[1]. See, e.g., Convention on the Prevention and Punishment of Crimes Against Internationally Protected Persons, Including Diplomatic Agents, Dec. 14, 1973, 28 UST 1975, TIAS No. 8532 (entered into force for the United States on Feb. 20, 1977) (“1973 New York Convention”), art. 2 (requiring State Parties to criminalize violent attacks on internationally protected persons); art. 1(a) (providing that an “internationally protected person” includes a head of state).

[2]. See (stating that the “essence of international protocol is the practice of employing proper etiquette, official formalities and dignified ceremonies in the welcoming and hosting of foreign leaders”); see also United Nations Protocol and Liaison Service, Manual of Protocol, ST/SG/4/Rev.7 (May 2005), no. 19 (setting forth special protocols for visiting heads of state).

[3]. See, e.g., Doe v. Roman Catholic Diocese of Galveston-Houston, 408 F. Supp. 2d 272 (S.D. Tex. 2005) (dismissing lawsuit against Pope Benedict XVI based upon head-of-state immunity); see also United States v. Deutsches Kalisyndikat Gesellschaft, 31 F.2d 199, 201 (S.D.N.Y. 1929) (“The person of the foreign sovereign and those who represent him are immune, whether their acts are commercial, tortious, criminal, or not, no matter where performed. . . . No one else enjoys such immunity.”).

[4]. See 1973 New York Convention, art. 2(3) (recognizing the “obligation[] . . . under international law to take all appropriate measures to prevent . . . attacks on the . . . dignity of [a head of state].”); United Nations Convention on Special Missions, GA Res. 2530 (XXIV) (Dec. 8, 1969), reprinted in 9 ILM 127 (1970), art. 29 (requiring States to “take all appropriate steps to prevent any attack” on the “dignity” of a State representatives, which can include heads of state); Sir Arthur Watts, The Legal Position in International Law of Heads of State, Heads of Gov’ts and Foreign Ministers, 247 RECUEIL DES COURS 9, 41 (1994) (“Watts”) (“Some aspects of the respect due to the dignity of Heads of States still . . . survive as a matter of international law.”).

[5]. See Watts, supra note 5, at pp. 41-42 (“It is . . . at least clear that a Head of State’s dignity may be violated whether or not he is present in the State where the acts prejudicial to his dignity have occurred.”).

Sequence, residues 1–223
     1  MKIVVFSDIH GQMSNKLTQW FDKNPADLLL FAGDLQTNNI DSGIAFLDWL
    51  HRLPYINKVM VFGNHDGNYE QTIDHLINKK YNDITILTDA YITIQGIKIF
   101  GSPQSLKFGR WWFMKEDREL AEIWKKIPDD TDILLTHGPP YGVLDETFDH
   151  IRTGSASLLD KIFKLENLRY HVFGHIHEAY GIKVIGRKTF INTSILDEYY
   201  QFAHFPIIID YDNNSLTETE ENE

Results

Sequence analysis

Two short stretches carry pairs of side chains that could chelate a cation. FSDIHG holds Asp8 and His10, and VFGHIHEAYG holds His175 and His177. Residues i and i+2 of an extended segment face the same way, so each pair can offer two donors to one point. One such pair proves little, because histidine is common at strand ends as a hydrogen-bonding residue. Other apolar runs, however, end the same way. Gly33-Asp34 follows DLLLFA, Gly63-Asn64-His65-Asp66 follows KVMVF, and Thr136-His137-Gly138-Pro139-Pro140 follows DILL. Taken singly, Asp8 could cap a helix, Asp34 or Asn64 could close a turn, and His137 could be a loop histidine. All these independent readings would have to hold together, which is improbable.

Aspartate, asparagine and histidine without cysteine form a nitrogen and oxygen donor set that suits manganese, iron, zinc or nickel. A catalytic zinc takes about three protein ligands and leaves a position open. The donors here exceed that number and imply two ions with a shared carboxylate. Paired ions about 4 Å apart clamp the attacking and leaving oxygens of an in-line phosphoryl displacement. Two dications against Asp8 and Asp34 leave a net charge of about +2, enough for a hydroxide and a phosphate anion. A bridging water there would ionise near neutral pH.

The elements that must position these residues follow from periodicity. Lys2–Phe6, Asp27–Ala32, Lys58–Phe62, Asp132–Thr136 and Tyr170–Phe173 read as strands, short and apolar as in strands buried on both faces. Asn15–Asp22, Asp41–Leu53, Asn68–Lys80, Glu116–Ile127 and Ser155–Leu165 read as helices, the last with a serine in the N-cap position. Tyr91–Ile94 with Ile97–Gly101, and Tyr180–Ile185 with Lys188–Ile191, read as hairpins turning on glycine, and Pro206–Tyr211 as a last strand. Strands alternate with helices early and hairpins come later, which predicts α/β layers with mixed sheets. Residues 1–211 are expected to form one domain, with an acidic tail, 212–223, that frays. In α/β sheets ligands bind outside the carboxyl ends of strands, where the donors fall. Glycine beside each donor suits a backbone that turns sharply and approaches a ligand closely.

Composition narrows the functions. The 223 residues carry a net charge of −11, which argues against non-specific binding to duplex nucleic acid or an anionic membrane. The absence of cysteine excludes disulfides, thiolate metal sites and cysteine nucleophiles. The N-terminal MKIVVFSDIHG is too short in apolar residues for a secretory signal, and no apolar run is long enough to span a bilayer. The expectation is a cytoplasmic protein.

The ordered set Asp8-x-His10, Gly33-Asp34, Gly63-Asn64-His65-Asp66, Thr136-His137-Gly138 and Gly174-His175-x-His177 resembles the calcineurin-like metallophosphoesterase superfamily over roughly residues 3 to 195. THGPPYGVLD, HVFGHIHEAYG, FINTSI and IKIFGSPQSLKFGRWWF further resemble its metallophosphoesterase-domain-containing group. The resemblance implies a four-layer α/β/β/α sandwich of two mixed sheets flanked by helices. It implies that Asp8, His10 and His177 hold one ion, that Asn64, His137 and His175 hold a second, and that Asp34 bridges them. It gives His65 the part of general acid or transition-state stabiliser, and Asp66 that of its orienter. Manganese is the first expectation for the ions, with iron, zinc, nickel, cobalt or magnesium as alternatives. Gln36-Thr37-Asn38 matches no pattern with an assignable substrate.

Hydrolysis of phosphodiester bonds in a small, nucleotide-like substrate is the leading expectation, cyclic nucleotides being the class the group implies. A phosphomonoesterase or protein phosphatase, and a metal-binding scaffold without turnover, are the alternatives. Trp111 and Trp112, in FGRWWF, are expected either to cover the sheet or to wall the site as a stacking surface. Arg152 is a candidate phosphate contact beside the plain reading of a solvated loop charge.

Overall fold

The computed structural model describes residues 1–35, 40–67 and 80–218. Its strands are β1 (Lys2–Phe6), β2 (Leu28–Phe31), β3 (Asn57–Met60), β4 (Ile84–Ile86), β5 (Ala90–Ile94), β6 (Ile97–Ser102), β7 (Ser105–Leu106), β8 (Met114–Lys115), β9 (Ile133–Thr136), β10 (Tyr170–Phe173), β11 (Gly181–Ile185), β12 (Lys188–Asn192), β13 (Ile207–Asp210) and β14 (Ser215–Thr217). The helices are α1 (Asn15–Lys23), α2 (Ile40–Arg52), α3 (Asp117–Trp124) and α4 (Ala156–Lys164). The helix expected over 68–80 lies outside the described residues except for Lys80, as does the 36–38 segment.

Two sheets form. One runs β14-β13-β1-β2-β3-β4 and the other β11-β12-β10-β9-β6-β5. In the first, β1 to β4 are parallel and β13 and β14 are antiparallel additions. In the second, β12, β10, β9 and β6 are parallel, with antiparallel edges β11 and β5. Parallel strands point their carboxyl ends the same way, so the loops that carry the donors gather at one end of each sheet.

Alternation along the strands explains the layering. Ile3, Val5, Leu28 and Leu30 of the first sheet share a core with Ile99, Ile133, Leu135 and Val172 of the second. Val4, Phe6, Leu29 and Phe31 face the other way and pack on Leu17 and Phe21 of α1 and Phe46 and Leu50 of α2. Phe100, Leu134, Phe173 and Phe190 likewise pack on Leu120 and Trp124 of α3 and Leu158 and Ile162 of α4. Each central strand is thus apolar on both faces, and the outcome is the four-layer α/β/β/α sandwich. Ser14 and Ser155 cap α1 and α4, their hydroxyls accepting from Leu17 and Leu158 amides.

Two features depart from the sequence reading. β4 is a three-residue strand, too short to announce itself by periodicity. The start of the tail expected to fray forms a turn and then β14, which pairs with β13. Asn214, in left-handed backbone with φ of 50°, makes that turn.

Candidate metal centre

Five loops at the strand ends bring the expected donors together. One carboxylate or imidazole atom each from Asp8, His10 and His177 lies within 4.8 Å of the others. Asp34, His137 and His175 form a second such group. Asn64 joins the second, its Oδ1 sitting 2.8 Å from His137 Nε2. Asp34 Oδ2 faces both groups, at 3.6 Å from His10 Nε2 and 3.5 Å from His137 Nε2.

[6]. See B. Barnes and M. Cieply, “Sony Drops ‘The Interview’ Following Terrorist Threats,” New York Times (Dec. 18, 2014), p. B1 (“To depict the killing of a sitting world leader, comically or otherwise, is virtually without precedent in major studio movies, film historians say.”)

[7]. See R. Brody, “How ‘The Interview’ Handled the Assassination of Kim Jong-Un,” The New Yorker (Dec. 18, 2014) (“the wave of heat and shock makes Kim’s face waver—then his hair, eyebrows, and even skin begin to catch fire”); J. Moyer, “Why North Korea has every reason to be upset about Sony’s ‘The Interview,’ The Washington Post (Dec. 16, 2014).

[8]. It appears that Sony intended only a limited release in Asia-Pacific region.  See

[9]. See Watts, supra note 5, at 42 (“In conditions of tension respect by one State for the other’s dignity is apt to be minimal; since one of the reasons for preventing offensive conduct against foreign Heads of States is the risk it involves of harming the relations between the States concerned, it is less weighty when those relations are already bad.”).

[10]. See Watts, supra note 4, at 42 (stating that the duty to avoid offenses to the dignity of a foreign leader is “particularly [limited] where [relations] have degenerated into war or conflict”).

[11]. See, e.g., Universal Declaration of Human Rights, G.A. Res. 217, U.N. GAOR, 3d Sess., U.N. Doc. A/810 (1948), art. 19 (“Everyone has the right to freedom of opinion and expression; this right includes freedom to hold opinions without interference and to seek, receive and impart information and ideas through any media and regardless of frontiers.”);  International Covenant on Civil and Political Rights, Mar. 23, 1976, 999 U.N.T.S. 172, art. 19(2) (“Everyone shall have the right to freedom of expression; this right shall include freedom to seek, receive and impart information and ideas of all kinds, regardless of frontiers, either orally, in writing or in print, in the form of art, or through any other media of his choice.”).

[12]. See, e.g., U.S. Const. amend. I.

[13]. Watts, supra note 5, at 43.

[14]. See J.A.M. v. Public Prosecutor, 73 I.L.R. 387 (1969); but see Colombani and others v. France, ECHR App. No. 51279/99, Judgment of June 25, 2002.

[15]. Watts, supra note 5, at 44.

[16]. See, e.g., Nebraska Press Ass’n v. Stuart, 427 U.S. 539, 559 (1976) (stating that “prior restraints on speech and publication are the most serious and the least tolerable infringement on First Amendment rights”).

[17]. New York Times Co. v. Sullivan, 376 U.S. 254, 270 (1964).

[18]. Garrison v. Louisiana, 379 U.S. 64, 74-75 (1964) (stating that “speech concerning public affairs is more than self-expression; it is the essence of self-government”).

[19]. See generally United Nations, Report of the Commission of Inquiry on Human Rights in the Democratic People’s Republic of Korea, A/HRC/25/63 (Feb. 7, 2014).

[20]. See United Nations Charter, Art. 2, 59 Stat. 1051, T.S. No. 993 (1945) (“The Organization is based on the principle of the sovereign equality of all its Members”.); see also, e.g., Republic of Philippines v. Pimentel, 553 U.S. 851, 865 (2008), quoting Schooner Exchange v. McFaddon, 7 Cranch 116, 137, 3 L.Ed. 287 (1812) (stating that sovereign immunity “is premised upon the ‘perfect equality and absolute independence of sovereigns’”).

[21]. De Sanchez v. Banco Cent. De Nicaragua, 770 F.2d 1385, 1398 (5th Cir. 1985).

[22]. Watts, supra note 5, at 43-44, 46.

Prejudgment Security and Immunity from Attachment